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Treating challenging behavior or aggression in people with intellectual disability: Are antipsychotics or antidepressants the preferred choice?

Beghi M

Department of Mental Health, AUSL Romagna, Ravenna, Italy

E-mail : bhuvaneswari.bibleraaj@uhsm.nhs.uk

Beghi E

Department of Neurosciences, Istituto di Ricerche Farmacologiche Mario Negri IRCSS; Milano, Italy

Cornaggia CM

School of Medicine and Surgery, University of Milano Bicocca, Italy

Perin C

School of Medicine and Surgery, University of Milano Bicocca, Italy

Lassi S

Fondation Autisme Luxembourg, Luxembourg, Italy

DOI: 10.15761/JTS.1000346

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Key words

psychotropic drugs, mental retardation, treatment, behavioral problems

Intellectual disability (ID) occurs in 1% of the general population [1]. The prevalence of challenging behavior in these patients is high (6.1% in the community and 40% in long-stay hospital, [2]), as is the prevalence of aggression. (51.8%), even if only 4.9% of individuals display aggressive behavior leading to injury [3]. A growing number of adults with ID are today reaching old age. In a survey conducted in patients with ID over 40 years of age, over half of the sample displayed any type of behavioral problems [4]. Aggression involves a variety of psychological processes and progress has been made in understanding the increasing brain mechanisms [5]. However, the neurotransmitters Serotonin, Dopamine and γ-Aminobutyric acid seem to have a role in aggression but so far predictions cannot be made with confidence about drug effects on aggression [5]. There is paucity of randomized trials for the treatment of persistent aggressive behavior. Antipsychotic drugs, particularly the atypical group, have been the most commonly used interventions in recent years, [6,7] even in absence of evidence-based data. In a UK survey, [8] 64% of the total sample were prescribed antipsychotic medications, of whom almost half (49%) had a schizophrenia spectrum or affective disorder diagnosis, while a further third (36%) exhibited behaviors recognized by the National Institute for Health and Clinical Excellence (NICE) as potentially legitimate targets for such treatment such as violence, aggression or self-injury. In a recent survey, [9] 39.2% of adults were dispensed an antipsychotic medication, which increased to 56.4% in a sub-cohort residing in group homes. Even in this case, almost one-third (28.9%) of people been prescribed an antipsychotic medication did not have a documented psychiatric diagnosis. Very little evidence can be found for the interventions of anger and behavioral management; the data available on these interventions come primarily from studies conducted in children in whom the behavior is part of the autistic spectrum; [7] moreover a randomized trial showed no benefits for either Risperidone or Haloperidol compared with placebo, with even some evidence of a better response to placebo than either active drug in the reduction of aggression. [10]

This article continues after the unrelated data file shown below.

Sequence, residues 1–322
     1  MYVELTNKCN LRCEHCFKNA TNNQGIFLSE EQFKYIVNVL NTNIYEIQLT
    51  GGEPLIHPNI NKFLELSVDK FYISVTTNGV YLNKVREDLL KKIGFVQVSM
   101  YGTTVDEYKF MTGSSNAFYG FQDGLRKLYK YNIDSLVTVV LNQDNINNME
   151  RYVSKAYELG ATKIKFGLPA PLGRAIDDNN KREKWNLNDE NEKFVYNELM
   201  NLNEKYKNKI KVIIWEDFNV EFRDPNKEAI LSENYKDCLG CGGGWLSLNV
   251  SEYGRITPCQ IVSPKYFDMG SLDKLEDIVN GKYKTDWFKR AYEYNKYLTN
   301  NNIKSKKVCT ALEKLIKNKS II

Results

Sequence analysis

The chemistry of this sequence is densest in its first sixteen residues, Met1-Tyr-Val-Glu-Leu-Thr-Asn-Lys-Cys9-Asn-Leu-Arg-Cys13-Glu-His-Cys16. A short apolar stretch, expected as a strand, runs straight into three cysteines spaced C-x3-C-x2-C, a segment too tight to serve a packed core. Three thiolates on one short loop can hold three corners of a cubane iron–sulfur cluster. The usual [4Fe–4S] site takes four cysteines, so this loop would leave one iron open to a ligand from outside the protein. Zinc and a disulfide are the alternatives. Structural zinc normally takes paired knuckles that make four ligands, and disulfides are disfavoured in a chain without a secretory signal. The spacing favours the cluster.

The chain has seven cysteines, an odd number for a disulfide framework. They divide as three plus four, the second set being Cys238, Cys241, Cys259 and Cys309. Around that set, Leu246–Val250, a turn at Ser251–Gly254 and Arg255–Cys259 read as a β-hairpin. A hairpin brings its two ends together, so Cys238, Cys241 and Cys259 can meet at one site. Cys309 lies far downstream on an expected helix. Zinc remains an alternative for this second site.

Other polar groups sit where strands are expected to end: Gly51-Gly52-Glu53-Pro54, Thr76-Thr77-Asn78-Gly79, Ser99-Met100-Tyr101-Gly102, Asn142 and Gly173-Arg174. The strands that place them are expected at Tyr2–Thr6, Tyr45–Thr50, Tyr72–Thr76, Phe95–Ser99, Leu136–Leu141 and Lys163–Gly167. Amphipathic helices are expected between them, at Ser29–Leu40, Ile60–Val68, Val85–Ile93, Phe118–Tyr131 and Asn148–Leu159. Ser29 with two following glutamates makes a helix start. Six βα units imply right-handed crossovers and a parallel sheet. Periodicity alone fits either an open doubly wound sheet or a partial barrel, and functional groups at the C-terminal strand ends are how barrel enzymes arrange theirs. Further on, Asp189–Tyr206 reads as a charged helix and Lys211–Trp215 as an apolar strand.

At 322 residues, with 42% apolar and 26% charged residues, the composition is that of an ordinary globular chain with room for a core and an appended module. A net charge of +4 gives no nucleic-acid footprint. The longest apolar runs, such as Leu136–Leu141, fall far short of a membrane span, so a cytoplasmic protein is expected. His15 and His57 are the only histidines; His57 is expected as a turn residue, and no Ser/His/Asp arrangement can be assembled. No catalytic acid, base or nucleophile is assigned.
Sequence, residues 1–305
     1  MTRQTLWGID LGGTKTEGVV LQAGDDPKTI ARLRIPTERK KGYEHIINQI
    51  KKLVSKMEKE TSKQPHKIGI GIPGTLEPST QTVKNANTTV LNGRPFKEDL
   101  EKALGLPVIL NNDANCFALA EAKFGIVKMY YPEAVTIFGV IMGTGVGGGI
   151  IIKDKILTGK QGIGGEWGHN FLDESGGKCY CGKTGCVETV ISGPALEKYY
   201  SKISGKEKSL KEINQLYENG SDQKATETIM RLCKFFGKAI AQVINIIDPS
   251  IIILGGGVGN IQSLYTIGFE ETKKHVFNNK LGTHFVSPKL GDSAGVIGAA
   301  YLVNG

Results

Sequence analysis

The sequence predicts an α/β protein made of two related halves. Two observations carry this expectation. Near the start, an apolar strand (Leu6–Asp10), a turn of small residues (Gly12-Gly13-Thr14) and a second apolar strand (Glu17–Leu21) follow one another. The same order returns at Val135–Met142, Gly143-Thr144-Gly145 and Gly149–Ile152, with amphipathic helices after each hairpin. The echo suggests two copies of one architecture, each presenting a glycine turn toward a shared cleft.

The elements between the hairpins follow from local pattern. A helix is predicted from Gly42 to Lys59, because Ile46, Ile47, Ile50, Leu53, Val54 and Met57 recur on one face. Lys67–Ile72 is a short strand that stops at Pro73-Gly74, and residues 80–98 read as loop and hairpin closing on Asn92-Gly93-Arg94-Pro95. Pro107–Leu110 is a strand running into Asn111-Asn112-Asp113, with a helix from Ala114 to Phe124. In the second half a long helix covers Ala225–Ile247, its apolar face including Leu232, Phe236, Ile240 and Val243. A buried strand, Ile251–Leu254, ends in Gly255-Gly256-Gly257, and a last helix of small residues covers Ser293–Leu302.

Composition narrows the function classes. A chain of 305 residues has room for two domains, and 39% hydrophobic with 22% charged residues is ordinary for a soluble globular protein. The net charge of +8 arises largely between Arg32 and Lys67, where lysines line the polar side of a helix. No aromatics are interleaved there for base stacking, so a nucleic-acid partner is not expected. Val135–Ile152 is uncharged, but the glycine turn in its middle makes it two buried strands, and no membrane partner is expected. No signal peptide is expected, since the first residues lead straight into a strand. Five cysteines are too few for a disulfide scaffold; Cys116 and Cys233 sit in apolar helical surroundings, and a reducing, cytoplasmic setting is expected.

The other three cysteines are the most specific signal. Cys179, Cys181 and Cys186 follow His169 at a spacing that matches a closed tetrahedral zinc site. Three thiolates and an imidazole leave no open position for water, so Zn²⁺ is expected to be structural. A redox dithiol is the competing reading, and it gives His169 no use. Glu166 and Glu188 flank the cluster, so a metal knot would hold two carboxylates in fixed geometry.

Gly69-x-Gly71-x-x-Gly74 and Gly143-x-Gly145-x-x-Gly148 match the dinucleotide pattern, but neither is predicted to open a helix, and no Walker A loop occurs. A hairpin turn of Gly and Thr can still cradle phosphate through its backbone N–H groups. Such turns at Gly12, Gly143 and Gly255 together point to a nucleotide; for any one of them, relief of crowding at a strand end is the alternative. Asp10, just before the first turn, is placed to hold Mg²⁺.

Another common practice not supported by evidence is polypharmacy: in a prospective study, [11] a high proportion (45%) received more than one (polypharmacy) psychotropic medication at baseline and 41% at 6 months. As for antipsychotics, a similar proportion received them at baseline (75%) and 6 months (73%), with polypharmacy remaining similar at baseline (10%) and at 6 months (9%). Although higher doses of antipsychotics were positively correlated with more severe aggressive behavior, physical aggression towards objects, self‐injurious behavior and increasing age, there was no significant correlation between mean aggression severity score change and antipsychotic daily dose change between baseline and 6 months. Older people with ID were more likely than the general population to be prescribed medications with anticholinergic effects, [12] intermediate- or long-acting Benzodiazepines, and antipsychotics especially at the presence of a comorbid cognitive impairment (antipsychotics 50% vs 39% without dementia and benzodiazepine derivatives 55% vs 36% respectively) [12]. By contrast, 18.1% of adolescents received pharmacotherapy with 11.8% receiving monopharmacy, 6.4% and 5.9% simultaneously receiving multiple classes of medications. Polypharmacy is a significant concern for adults (and, in particular, in older adults) with ID. In fact, patients with ID seem at higher risk of side effects compared to the general population. A recent survey done in UK primary care setting [13] found asignificantly greater number of movement disorders in people with ID compared with those without, with parkinsonism and akathisia showing the greatest difference and neuroleptic malignant syndrome being three times more common. Respectively, 13% of the patients without psychotropic drugs and 61% of the patients with 2 psychotropic drugs had adverse events. Adverse events had a significantly negative influence on quality of life. [14] Physical wellbeing was negatively associated with parkinsonism, urinary problems, dysphagia and temperature dysregulation possibly due to antipsychotics use [15]. Moreover, rates of sleep problems in adults with ID ranged from 8.5% to 34.1% [16]. A prevalence of 9.2% was reported for significant sleep problems. Sleep problems were associated with challenging behavior, respiratory disease, visual impairment, psychiatric conditions, and using psychotropic, antiepileptic and/or antidepressant medication [16].